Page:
After winning 106 regular season games tying a franchise record, a wild-card game, the five-game division series against the Giants, as well as two games against the winning Atlanta Braves who will go on to play in the World Series, the 2021 Dodgers are in the books.

As a fan, it is always a weird, empty feeling knowing that your favorite sports team in the world is no longer going to be on the radio or TV playing.  You hold on to every last moment including the final time you will hear Charlie Steiner and Rick Monday on KLAC or Orel Hershiser and Nomar Garciaparra on Spectrum.   The announcers and analysts rarely say “see you next year,” their voices and faces disappear  off the air into a commercial.

For the Dodgers, the current roster will undergo changes due to players becoming free agents, among them:  Clayton Kershaw, Kenley Jansen, Chris Taylor, Corey Seager, and Max Scherzer.

My guess is that Kershaw will return.  I can’t imagine that he and the Dodger organization don’t come up with an agreeable plan to allow the all-time great leftie to end his career in Dodger blue.

I’m afraid to say the it is doubtful any of the others will be back.  Not even the mighty Guggenheim Group who owns the club can give out big contracts to every player.

Looking back at this unprecedented 9-year run of Dodger playoff baseball, from 2013 to 2021, the only shame is that all those seasons, eight of them as first place division finishers, resulted in only one championship, and it had to be the crazy coronavirus shortened one so that critics can claim that it was because of the 60-game season that they won.  Those same critics should be reminded that the Houston Astros cheated their way to the 2017 banner which MLB should have revoked.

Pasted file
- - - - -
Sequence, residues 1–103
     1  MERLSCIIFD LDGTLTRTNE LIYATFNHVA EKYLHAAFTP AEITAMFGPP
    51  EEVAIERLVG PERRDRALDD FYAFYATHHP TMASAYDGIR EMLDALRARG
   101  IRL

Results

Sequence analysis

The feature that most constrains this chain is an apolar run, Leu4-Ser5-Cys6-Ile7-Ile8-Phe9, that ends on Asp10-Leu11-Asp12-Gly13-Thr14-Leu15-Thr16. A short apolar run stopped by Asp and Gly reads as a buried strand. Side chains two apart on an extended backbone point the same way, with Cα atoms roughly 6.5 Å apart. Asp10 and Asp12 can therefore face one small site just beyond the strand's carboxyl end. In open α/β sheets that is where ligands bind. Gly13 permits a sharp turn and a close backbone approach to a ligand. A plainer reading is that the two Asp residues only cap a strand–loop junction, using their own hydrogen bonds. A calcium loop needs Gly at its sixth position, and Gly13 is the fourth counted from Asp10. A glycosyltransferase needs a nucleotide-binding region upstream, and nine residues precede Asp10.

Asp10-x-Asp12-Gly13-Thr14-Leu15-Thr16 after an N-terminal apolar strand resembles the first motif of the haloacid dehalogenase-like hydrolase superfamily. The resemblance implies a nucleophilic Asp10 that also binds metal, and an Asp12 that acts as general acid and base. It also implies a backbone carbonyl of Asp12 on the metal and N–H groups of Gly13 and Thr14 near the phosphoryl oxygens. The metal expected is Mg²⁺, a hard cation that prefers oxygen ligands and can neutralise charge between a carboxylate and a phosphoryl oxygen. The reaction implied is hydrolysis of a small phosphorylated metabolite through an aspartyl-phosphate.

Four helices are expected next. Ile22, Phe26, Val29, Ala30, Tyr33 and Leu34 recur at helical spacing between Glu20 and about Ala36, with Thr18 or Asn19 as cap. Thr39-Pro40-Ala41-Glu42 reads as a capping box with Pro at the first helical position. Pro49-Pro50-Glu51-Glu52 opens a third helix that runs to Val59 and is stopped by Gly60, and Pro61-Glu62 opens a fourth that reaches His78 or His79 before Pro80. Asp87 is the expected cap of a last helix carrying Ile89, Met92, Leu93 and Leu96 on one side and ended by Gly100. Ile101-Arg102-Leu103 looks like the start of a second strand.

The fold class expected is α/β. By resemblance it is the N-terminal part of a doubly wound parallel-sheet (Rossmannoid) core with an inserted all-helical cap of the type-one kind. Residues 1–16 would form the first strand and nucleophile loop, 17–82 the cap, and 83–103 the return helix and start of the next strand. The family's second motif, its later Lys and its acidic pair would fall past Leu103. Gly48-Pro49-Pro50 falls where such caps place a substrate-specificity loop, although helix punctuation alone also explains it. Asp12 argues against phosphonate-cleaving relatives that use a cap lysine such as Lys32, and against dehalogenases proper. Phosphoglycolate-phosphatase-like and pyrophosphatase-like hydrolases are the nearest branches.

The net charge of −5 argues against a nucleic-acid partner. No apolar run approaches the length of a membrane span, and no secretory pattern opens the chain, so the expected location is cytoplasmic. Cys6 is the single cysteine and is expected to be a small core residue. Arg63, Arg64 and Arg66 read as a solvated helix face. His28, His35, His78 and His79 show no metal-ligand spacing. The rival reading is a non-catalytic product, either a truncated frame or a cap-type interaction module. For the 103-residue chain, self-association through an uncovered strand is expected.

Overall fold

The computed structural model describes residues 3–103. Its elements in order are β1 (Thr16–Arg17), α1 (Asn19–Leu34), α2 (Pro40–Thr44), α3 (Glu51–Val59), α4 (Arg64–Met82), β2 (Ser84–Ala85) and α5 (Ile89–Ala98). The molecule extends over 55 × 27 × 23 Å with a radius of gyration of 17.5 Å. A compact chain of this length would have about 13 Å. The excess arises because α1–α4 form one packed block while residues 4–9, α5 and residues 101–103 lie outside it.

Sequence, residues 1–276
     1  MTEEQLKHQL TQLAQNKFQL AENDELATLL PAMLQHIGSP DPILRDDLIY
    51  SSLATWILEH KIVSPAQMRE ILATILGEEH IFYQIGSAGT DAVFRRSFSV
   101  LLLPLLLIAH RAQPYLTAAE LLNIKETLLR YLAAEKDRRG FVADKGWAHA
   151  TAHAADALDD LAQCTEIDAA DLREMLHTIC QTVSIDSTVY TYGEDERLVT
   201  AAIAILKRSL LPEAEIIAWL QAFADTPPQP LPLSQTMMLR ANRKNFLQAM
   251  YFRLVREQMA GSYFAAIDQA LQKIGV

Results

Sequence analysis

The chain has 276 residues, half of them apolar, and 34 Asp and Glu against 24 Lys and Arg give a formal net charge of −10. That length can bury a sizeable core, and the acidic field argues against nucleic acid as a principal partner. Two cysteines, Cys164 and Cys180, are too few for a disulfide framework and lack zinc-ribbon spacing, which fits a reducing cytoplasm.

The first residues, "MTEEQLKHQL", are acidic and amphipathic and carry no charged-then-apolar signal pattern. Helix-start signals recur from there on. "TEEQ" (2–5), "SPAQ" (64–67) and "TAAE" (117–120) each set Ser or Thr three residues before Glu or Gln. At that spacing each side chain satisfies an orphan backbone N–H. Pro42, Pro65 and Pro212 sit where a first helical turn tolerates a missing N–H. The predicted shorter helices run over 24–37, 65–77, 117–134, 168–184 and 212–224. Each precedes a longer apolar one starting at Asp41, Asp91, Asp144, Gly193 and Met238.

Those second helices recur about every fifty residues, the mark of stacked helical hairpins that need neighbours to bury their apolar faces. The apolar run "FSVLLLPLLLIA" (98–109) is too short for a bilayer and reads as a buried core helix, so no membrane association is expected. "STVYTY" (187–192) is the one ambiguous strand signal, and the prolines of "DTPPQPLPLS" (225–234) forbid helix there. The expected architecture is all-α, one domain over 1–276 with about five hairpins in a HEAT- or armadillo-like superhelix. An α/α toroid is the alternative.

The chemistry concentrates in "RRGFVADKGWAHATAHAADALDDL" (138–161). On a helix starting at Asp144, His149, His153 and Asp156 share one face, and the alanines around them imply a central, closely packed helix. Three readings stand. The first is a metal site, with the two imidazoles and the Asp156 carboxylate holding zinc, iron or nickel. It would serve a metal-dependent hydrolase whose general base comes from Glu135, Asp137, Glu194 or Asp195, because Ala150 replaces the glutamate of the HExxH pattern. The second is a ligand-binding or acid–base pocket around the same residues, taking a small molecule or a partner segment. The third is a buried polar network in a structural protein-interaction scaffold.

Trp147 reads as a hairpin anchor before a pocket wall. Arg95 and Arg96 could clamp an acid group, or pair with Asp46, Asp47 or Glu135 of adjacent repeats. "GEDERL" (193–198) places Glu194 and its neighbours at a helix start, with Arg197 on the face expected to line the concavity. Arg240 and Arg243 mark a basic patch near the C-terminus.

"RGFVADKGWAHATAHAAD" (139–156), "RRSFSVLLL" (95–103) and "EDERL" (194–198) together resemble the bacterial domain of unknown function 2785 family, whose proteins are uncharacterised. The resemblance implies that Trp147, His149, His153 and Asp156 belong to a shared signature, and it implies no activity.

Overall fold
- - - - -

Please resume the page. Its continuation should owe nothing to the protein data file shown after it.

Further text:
I don’t see the Dodgers fading away from the playoff picture quickly, but expect an eventual downturn with the Giants and Padres rising in quality for the foreseeable future.

One day Dodger fans will look back yearning for the days of Kershaw and Jansen and Seager and Scully.

For now, we wait 5 months for spring and baseball to return.

There is a Reason Why California is Known as the Golden State

A new house on my block went up for sale.  The price:  $1.9 million. 

Most of my life I have lived in Burbank, California.  I always enjoyed the city, a nice, middle-class neighborhood. 

However, Burbank is not Beverly Hills.  Never in my wildest imagination did I think I lived in a wealthy area.

But . . . what middle-class household can afford to buy a $2 million home?

The down payment surpasses the purchase price of my house.

The property tax alone is over $2,000 a month and that amount will never go away but will increase over time.  Combined with homeowners’ insurance, the monthly house payment is over $8,600.  Whoever buys this house will have to make mortgage payments exceeding $103,000 every year.

Who can afford that?

One would have to gross $150,000 in order to net $103,000.  And that is just for the housing expense.  Not included:  cars, clothing, food, entertainment, etc.